[April 7, 2011, WASHINGTON] To head off a health care disaster, the Infectious Diseases Society of America (IDSA) has developed a plan to combat deadly antibiotic-resistant "super bugs" and is rolling out the multi-pronged plan today, on World Health Day 2011.
Infections are becoming increasingly resistant to existing antibiotics, while the number of new antibiotics being developed has plummeted. IDSA warns that unless sweeping actions are taken now, the future could resemble the days before these miracle drugs were developed. People will die of common infections and many medical interventions we take for granted surgery, chemotherapy, organ transplantation, and premature infant care will no longer be possible.
IDSA's new policy paper, "Combating Antimicrobial Resistance: Policy Recommendations to Save Lives," is being released at a press conference and published in the journal Clinical Infectious Diseases. The paper is available online.
"The way we've managed our antibiotics for the past 70 years has failed. Antibiotics are a precious resource, like energy, and we have a moral obligation to ensure they are available for future generations," said IDSA President James M. Hughes, MD, FIDSA. "IDSA has a comprehensive, multifaceted plan to address this crisis, but time is running out. If such measures are not implemented now by Congress, federal agencies and health care providers across the country an increasing number of lives will be devastated and lost."
The incidence of antibiotic-resistant bacteria, including methicillin-resistant Staphylococcus aureus (MRSA), Acinetobacter baumannii, Klebsiella, and others has skyrocketed over the past two decades. Each year, these infections kill nearly 100,000 U.S. hospital patients and are increasingly affecting healthy people as well. But while 16 new antibiotics were approved between 1983 and 1987, only two have been approved since 2008. The crisis is so dire, the World Health Organization has made antibiotic resistance the central focus of this year's World Health Day, a day held each year to highlight a global public health issue of critical concern.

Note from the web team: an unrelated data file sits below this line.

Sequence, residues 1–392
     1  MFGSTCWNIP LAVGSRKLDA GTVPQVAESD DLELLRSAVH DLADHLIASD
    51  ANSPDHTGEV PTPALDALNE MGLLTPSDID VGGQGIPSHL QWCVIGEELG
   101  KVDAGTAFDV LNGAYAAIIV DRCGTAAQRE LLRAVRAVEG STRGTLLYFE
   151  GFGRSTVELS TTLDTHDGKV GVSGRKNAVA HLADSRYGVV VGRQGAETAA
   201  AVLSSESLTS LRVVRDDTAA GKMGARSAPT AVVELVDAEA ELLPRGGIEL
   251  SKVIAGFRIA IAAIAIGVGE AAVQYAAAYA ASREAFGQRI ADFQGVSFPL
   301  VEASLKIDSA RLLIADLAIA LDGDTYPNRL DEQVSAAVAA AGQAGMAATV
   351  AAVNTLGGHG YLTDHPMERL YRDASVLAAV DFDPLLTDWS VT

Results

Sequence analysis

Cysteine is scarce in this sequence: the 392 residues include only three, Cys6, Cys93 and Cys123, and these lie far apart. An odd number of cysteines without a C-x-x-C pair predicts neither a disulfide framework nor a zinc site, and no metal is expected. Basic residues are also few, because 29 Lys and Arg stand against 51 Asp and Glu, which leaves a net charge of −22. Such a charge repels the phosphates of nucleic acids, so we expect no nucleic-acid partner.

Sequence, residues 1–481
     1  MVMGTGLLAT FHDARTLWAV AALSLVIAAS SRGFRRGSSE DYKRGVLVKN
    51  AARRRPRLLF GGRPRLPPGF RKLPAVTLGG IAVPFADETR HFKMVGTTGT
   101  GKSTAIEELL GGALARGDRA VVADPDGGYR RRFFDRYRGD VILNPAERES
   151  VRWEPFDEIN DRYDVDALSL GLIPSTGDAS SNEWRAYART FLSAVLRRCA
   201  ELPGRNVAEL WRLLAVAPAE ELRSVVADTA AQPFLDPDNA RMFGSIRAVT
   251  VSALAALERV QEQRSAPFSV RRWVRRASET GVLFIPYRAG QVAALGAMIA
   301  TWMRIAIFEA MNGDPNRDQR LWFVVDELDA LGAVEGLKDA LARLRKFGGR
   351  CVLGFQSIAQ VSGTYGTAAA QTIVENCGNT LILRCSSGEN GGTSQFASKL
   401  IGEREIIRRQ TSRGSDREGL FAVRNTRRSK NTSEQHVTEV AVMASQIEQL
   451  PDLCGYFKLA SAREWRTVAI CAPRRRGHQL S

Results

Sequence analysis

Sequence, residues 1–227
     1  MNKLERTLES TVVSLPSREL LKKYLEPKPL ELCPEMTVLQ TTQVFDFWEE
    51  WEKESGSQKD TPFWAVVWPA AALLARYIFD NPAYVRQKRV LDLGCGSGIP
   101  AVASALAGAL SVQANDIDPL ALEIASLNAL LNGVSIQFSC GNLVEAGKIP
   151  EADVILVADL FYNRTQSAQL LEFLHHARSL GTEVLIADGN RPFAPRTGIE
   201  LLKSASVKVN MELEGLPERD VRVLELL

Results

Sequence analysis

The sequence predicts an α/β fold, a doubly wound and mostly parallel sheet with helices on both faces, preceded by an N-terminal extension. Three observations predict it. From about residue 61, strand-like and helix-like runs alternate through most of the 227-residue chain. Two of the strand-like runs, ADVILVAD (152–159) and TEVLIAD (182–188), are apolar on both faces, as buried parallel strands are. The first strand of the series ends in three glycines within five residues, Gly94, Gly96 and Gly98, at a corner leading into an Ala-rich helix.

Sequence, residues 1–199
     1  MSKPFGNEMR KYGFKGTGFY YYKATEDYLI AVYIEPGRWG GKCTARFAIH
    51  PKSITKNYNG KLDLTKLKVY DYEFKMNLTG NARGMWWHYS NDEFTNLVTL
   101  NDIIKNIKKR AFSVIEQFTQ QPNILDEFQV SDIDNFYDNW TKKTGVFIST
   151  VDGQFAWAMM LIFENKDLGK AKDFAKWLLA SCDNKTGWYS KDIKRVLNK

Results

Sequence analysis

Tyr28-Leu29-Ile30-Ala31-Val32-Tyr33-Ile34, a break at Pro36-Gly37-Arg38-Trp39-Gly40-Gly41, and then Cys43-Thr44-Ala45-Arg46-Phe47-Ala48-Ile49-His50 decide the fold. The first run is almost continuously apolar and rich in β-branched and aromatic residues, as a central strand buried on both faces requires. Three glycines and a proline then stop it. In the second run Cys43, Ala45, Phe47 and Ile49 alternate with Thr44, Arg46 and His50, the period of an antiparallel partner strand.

The complex problem is caused by several factors. Antibiotics are becoming less effective due to over-prescription and improper use (up to half of antibiotic use is unnecessary or inappropriate) as well as bacteria's natural ability to evolve and develop resistance to antibiotics. Treating these resistant bugs costs the U.S. health care system an estimated $21 billion to $34 billion annually. Just when we most urgently need new drugs, a market failure coupled with lack of clear guidance from the Food and Drug Administration (FDA) about how to design studies for new antibiotics has caused research and development (R&D) efforts to slow to a standstill. Drug companies now are shifting their research dollars to developing drugs that treat chronic conditions, such as diabetes and high blood pressure. These drugs are less challenging to bring to market than antibiotics from a regulatory standpoint and are much more lucrative because they are used for years, rather than days or weeks, as antibiotics are.
In 1990, there were nearly 20 pharmaceutical companies with large, strong and active antibiotic R&D programs. Today, there are just two, and only a small number of companies have more limited programs.
IDSA supports legislative and administrative action to address the problem, and two bills, the Strategies to Address Antimicrobial Resistance (STAAR) Act and the Generating Antibiotic Incentives Now (GAIN) Act, are good first steps, but IDSA believes they can do more. To turn the tide, IDSA recommends:
"Infectious diseases specialists around the country can tell you stories about formerly healthy patients who died because physicians ran out of antibiotics that worked," said Brad Spellberg, MD, FIDSA, associate professor of medicine at the Geffen School of Medicine at the University of California at Los Angeles, Los Angeles Biomedical Research Institute. "We're facing a day in the not-too-distant future where people will be outraged with our inability to treat infectious diseases, and wonder why something wasn't done earlier. The IDSA plan lays out innovative approaches that can and should be enacted, but they must be done now. The longer we wait, the bigger and more costly the problem will become both in terms of lives lost and health care expenditures."
|Contact: John Heys|
Infectious Diseases Society of America